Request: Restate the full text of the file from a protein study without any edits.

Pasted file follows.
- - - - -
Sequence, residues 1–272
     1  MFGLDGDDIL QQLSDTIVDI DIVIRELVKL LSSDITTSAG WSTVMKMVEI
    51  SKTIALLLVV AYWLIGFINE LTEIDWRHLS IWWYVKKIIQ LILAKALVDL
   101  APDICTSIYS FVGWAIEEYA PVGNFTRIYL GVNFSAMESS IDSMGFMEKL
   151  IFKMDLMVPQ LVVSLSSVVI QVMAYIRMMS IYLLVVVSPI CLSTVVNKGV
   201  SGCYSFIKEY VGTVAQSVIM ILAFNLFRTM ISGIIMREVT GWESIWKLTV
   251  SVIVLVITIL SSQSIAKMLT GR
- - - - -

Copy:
Sequence, residues 1–272
     1  MFGLDGDDIL QQLSDTIVDI DIVIRELVKL LSSDITTSAG WSTVMKMVEI
    51  SKTIALLLVV AYWLIGFINE LTEIDWRHLS IWWYVKKIIQ LILAKALVDL
   101  APDICTSIYS FVGWAIEEYA PVGNFTRIYL GVNFSAMESS IDSMGFMEKL
   151  IFKMDLMVPQ LVVSLSSVVI QVMAYIRMMS IYLLVVVSPI CLSTVVNKGV
   201  SGCYSFIKEY VGTVAQSVIM ILAFNLFRTM ISGIIMREVT GWESIWKLTV
   251  SVIVLVITIL SSQSIAKMLT GR